In Part I, Part II, and Part III of the “You and the $1000 Genome” series we’ve examined the Archon X PRIZE for Genomics, the International HapMap Project, and the ethical issues associated with both. In this final installment of the series we will examine the potential impact of genomic or SNP sequencing and interpretation on both medicine and genealogy (finally, some genealogy for you patient genealogists out there!).
I believe that whole genome sequencing will have myriad uses. In the paper mentioned in Part III of the series (John A. Robertson, “The $1000 Genome: Ethical and Legal Issues in Whole Genome Sequencing of Individuals (pdf).” 2003 The American Journal of Bioethics 3(3):InFocus), Mr. Robertson suggests that demand for personal genome sequencing outside of the medical context could be quite limited. But that view might fail to take into account uses of genomic information other than identifying or predicting disease, such as the genetic genealogy setting. Very few could have predicted 10 years ago that thousands of genealogists would be submitting their DNA for limited sequencing as they are doing today. If information from whole genome sequencing can be used to analyze genealogy (which it surely will be), then this will create an entire niche that will increase commercial demand outside of the medical context. And this is only one such niche. There might be many many more, some of which will only develop after whole genome sequencing becomes economically available.
In Part I and Part II of the “You and the $1000 Genome” series we examined the history of the Archon X PRIZE for Genomics and the success of the International HapMap Project. Today we’ll talk about some of the ethical issues associated with efficient and inexpensive genome sequencing. The value of whole genome sequencing will only be realized if individuals believe they have complete and legal control over their genetic information. I am greatly indebted to a thorough analysis of this issue by John A. Robertson at the University of Texas School of Law (“The $1000 Genome: Ethical and Legal Issues in Whole Genome Sequencing of Individuals (pdf).” 2003 The American Journal of Bioethics 3(3):InFocus). Note that this analysis is not intended to constitute answers to any of the ethical questions – it is only meant to be part of the discourse.
In Part I of the “You and the $1000 Genome” series we examined the Archon X PRIZE for Genomics, a $10 million purse for the group that can sequence 100 genomes in 10 days for no more than $10,000/genome with an error rate below 0.001%. With today’s technology this goal is still a few years away.
But do we need an entire genomic sequence to obtain all the relevant medical information that our DNA contains? After all, 99.9% of my DNA is exactly the same as everyone else’s! Why sequence that 99.9% over and over and over if the results are the same every time? Wouldn’t it be cheaper to just sequence and then decode the 0.1%?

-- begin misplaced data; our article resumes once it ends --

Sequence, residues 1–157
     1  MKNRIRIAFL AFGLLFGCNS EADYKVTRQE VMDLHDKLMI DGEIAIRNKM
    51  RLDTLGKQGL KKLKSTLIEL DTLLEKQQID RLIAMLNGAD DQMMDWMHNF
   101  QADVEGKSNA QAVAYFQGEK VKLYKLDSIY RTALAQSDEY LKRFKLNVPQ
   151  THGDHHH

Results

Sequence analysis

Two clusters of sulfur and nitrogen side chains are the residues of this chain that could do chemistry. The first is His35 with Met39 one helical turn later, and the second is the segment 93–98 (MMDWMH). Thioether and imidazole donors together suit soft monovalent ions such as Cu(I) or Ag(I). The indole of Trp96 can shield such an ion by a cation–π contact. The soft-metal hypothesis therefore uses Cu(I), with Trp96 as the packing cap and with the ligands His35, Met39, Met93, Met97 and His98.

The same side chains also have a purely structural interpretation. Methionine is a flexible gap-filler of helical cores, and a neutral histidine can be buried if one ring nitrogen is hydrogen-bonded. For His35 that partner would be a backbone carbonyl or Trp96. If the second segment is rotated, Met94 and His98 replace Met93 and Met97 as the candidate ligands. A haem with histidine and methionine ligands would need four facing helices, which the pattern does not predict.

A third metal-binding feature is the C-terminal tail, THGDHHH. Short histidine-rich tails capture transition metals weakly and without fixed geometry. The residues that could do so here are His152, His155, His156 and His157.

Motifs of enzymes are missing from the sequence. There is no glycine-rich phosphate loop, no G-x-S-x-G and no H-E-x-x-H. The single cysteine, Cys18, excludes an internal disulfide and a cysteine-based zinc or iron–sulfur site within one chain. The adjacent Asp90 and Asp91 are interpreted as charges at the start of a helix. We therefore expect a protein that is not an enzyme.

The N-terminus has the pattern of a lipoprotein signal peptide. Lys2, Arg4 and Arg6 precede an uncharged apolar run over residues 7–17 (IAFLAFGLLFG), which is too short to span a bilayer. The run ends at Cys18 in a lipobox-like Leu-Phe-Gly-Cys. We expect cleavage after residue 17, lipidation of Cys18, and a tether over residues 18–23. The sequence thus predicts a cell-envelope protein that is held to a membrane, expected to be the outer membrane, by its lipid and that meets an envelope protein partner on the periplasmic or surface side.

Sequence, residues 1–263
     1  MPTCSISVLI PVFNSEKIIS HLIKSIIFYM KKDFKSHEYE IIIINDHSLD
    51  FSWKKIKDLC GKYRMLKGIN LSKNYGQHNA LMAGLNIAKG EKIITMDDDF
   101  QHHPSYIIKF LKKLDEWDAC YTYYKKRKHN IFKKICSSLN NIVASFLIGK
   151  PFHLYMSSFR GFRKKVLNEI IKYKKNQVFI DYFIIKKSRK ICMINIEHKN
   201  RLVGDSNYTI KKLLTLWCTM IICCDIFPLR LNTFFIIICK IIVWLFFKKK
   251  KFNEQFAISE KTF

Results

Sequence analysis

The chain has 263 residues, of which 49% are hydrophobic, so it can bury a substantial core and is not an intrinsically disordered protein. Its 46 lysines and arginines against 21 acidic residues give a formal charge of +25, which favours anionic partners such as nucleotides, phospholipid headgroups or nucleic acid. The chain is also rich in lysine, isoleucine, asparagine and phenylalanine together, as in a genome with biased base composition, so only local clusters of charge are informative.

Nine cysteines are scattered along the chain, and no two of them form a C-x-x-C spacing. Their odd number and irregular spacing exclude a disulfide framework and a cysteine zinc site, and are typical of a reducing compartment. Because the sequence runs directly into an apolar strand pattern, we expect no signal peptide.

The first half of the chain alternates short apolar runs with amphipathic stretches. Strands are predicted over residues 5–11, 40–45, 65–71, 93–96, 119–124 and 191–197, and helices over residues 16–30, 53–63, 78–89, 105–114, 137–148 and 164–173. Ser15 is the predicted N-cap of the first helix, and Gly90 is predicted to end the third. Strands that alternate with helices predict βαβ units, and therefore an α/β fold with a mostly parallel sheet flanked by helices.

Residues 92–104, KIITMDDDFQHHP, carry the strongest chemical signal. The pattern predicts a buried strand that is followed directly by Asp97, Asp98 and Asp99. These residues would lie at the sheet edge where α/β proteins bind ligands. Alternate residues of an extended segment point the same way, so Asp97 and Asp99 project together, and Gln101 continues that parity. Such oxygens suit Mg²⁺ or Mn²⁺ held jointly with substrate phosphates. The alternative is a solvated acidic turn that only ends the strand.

Sequencing that 0.1% is the goal of the International HapMap Project. HapMap stands for “Haplotype Map”, and those of you who are genetic genealogists will instantly recognize the importance of the word haplotype. The goal of the HapMap Project, begun in 2002, is to identify SNP groups (haplotypes) from a total of 270 individuals representing the Yoruba people of Nigeria, the Han Chinese in Beijing, the Japanese, and U.S. residents with northern and western European ancestry. The HapMap is essentially a catalog of all the common genetic variants in human beings.
Speaking of the $1000 genome, if you haven’t visited the 23andMe main page recently, you’ll probably want to check it out. The site has been redesigned and includes links to an About page and a Press Release page, a Contact page, and the Jobs page. I love the fact that the job benefits include “free genotyping for you and a family member or friend”!!
The front page also has a new description of the company:
“23andMe is a privately held company developing new ways to help you make sense of your own genetic information.
“Even though your body contains trillions of copies of your genome, you’ve likely never read any of it. Our goal is to connect you to the 23 paired volumes of your own genetic blueprint (plus your mitochondrial DNA), bringing you personal insight into ancestry, genealogy, and inherited traits. By connecting you to others, we can also help put your genome into the larger context of human commonality and diversity.
Over the next week and a half I will be examining the Archon X PRIZE for Genomics, a challenge from the Archon X PRIZE Foundation to foster the development of efficient and inexpensive genomic sequencing. Not only will the X PRIZE for Genomics change the face of medicine, but it will also have an ENORMOUS impact on the field of genetic genealogy, which we’ll discuss in Part IV of the series. Stay tuned for all the information you need to know about the prize, and if you have any thoughts or questions please leave a comment!
History of the Archon X PRIZE for Genomics: